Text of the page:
The Napatization of Northern Michigan: Wineries in the Context of Regional Gentrification

dc.contributor.authorDayton, Emily
dc.date.accessioned2008-04-22T17:21:17Z
dc.date.available2008-04-22T17:21:17Z
dc.date.issued2008
dc.description.abstractThe Traverse City region of Northwest Lower Michigan is an area experiencing rapid growth and development. Its economic and cultural identity is undergoing a transformation, with a tendency towards trends characteristic of high-status lifestyles. A significant part of this change is the increasing presence of the region’s relatively young wine industry, which has suddenly grown very large. Over 27 wineries have been started since the first grape vine was planted in the mid 1970s. The increasing influence of the wine industry has had a significant impact on the character of the region. The ties Northern Michigan residents have to the area are not unusual. In addition to gender and ethnicity, much of the process of finding one’s sense of place and identity in society is highly affect by where one resides. Class, and the opportunities and commodities it provides, is another method of self-expression. In fact, entire industries are constructed around creating desirable goods that people can use to create and maintain certain identities. The wine industry is noted for its ability to sell a product whose appeal is based on the identity people wish to attain by consuming it. This SIP addresses this idea in the context of Northern Michigan.en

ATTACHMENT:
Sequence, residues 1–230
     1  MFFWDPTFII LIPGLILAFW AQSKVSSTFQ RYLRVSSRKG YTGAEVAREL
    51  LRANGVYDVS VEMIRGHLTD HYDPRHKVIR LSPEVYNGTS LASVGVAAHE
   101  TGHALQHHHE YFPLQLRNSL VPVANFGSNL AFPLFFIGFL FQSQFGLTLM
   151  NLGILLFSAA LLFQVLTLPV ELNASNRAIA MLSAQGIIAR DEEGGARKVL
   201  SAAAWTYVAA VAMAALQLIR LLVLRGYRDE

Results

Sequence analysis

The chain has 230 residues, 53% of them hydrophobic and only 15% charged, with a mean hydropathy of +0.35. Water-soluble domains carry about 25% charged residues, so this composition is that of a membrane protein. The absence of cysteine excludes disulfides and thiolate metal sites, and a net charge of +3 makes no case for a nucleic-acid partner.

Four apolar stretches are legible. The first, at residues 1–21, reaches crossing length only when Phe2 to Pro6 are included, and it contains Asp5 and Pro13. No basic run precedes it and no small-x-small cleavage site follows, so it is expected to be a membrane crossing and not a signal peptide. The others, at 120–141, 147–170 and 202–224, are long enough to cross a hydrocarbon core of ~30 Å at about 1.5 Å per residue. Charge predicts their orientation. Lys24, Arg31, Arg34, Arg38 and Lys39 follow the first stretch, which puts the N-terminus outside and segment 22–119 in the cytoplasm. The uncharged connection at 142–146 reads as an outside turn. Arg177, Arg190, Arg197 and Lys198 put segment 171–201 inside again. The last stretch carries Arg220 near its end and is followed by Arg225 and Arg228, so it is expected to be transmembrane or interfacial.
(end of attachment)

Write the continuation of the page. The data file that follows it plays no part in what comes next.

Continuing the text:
dc.identifier.urihttp://hdl.handle.net/10920/4729
dc.language.isoen_USen
dc.titleThe Napatization of Northern Michigan: Wineries in the Context of Regional Gentrificationen
dc.typePresentationen
Files